2016 Index of Economic Freedom

Hong Kong

overall score88.6
world rank1
Rule of Law

Property Rights90.0

Freedom From Corruption74.0

Limited Government

Government Spending90.7

Fiscal Freedom92.6

Regulatory Efficiency

Business Freedom97.4

Labor Freedom89.0

Monetary Freedom81.8

Open Markets

Trade Freedom90.0

Investment Freedom90.0

Financial Freedom90.0

Embed This Data

Create a Comparison Chart

See how Hong Kong compares to another country using any of the measures in the Index.

Download PDF
Quick Facts
  • Population:
    • 7.3 million
  • GDP (PPP):
    • $397.5 billion
    • 2.3% growth
    • 3.7% 5-year compound annual growth
    • $54,722 per capita
  • Unemployment:
    • 3.2%
  • Inflation (CPI):
    • 4.4%
  • FDI Inflow:
    • $103.3 billion
Embed This Data

The implementation of prudent economic policy within a stable and transparent legal environment has been the cornerstone of Hong Kong’s continuing achievement in maintaining the world’s freest economy. Well-secured property rights ensure vibrant commercial interactions and entrepreneurial growth. With a high level of market openness and fiscal discipline, Hong Kong continues to be a leading global business and financial hub.

Economic Freedom Snapshot

  • 2016 Economic Freedom Score: 88.6 (down 1 point)
  • Economic Freedom Status: Free
  • Global Ranking: 1st
  • Regional Ranking: 1st in the Asia–Pacific Region
  • Notable Successes: Open Markets and Regulatory Efficiency
  • Concerns: Rule of Law
  • Overall Score Change since 2012: –1.3

The highly competitive regulatory, tax, and spending policies that facilitate the dynamic engagement of the well-motivated and skilled workforce in world markets have come under pressure from those who favor more government involvement in the economy. The outcome of ongoing debates about the proper scope and reach of government will shape Hong Kong’s future success.



Hong Kong became part of the People’s Republic of China in 1997. Under the “one country, two systems” agreement, China promised not to impose its socialist policies on Hong Kong and to allow Hong Kong a high degree of autonomy in all matters except foreign and defense policy for 50 years. The shape and form of the “universal suffrage” promised for 2017 by Chinese authorities is not clear. Major industries include financial services and shipping; manufacturing has largely migrated to the mainland and other Southeast Asian economies. Hong Kong’s economy has become increasingly integrated with the mainland economy through trade, tourism, and financial links.

Rule of LawView Methodology

Property Rights 90.0 Create a Graph using this measurement

Freedom From Corruption 74.0 Create a Graph using this measurement

The sensational anti-corruption prosecution of a high-profile property developer for bribery in late 2014 illustrated why corruption rates remain low. Beijing’s ongoing efforts to erode the power of Hong Kong’s judiciary and Legislative Council and to intervene in the economy could undermine the rule of law. At least for now, however, the efficient and capable judiciary remains independent, and private property rights are well protected.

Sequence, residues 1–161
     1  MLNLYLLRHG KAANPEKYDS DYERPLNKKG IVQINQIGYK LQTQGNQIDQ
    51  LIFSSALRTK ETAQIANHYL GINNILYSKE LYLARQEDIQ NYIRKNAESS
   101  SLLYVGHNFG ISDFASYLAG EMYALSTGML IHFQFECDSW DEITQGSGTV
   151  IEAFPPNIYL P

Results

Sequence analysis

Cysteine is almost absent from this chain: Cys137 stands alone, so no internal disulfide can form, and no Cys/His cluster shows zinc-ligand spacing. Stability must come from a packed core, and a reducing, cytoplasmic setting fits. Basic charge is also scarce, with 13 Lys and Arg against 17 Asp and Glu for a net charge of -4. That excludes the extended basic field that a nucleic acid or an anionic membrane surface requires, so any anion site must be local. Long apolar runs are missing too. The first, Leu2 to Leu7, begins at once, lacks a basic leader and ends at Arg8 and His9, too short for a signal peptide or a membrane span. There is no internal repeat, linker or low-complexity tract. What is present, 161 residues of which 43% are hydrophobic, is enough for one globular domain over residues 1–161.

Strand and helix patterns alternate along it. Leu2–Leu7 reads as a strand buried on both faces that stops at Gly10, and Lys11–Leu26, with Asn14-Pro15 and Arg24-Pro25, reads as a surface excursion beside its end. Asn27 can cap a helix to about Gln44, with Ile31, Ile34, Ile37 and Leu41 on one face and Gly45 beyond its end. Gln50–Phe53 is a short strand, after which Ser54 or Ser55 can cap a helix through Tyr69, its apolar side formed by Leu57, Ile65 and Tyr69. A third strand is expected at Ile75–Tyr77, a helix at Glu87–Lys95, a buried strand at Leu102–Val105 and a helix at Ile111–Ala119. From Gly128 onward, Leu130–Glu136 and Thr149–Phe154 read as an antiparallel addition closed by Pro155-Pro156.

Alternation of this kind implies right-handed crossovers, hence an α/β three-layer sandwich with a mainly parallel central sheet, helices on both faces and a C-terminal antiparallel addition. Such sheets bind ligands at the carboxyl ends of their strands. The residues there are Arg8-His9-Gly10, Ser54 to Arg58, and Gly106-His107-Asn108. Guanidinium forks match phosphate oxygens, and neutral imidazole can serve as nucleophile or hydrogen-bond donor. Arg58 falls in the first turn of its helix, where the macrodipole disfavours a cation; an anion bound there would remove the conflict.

Limited GovernmentView Methodology

The standard income tax rate is 15 percent, and the top corporate tax rate is 16.5 percent. The tax system is simple and efficient, and the overall tax burden is low at 15.7 percent of GDP. Government spending amounts to 17.6 percent of GDP. Public debt is virtually nonexistent, and a budget surplus has been consistently maintained. In recent years, greater spending on social programs has increased fiscal pressures.

Regulatory EfficiencyView Methodology

The overall entrepreneurial environment remains one of the world’s most transparent and efficient. The business start-up process is straightforward, with no minimum capital required. The labor market is vibrant, and the labor force participation rate has gradually increased since 2010. The peg between the Hong Kong dollar and its U.S. counterpart has served the territory well since 1983, ensuring monetary stability and facilitating international commerce.

Open MarketsView Methodology

Hong Kong has a 0 percent average tariff rate. The country remains one of the most open economies in the world for international trade and investment. There is no general screening of foreign investment, and in most cases, foreign investors can maintain 100 percent ownership. The financial sector remains highly competitive and well capitalized, serving as a leading global hub.

Country's Score Over Time

Bar Graph of Hong Kong Economic Freedom Scores Over a Time Period

Country Comparisons

Bar Graphs comparing Hong Kong to other economic country groups Download Charts

Regional Ranking

rank country overall change
1Hong Kong88.6-1.0
3New Zealand81.6-0.5
7South Korea71.70.2
8Malaysia 71.50.7
10Brunei Darussalam67.3-1.6
11Thailand 63.91.5
17Sri Lanka59.91.3
19Kyrgyz Republic 59.6-1.7
26Pakistan 55.90.3
29Bangladesh 53.3-0.6
30Papua New Guinea53.20.1
37Solomon Islands470.0
42North Korea2.31.0
See Entire Region List ›

View all countries ›

Back to Top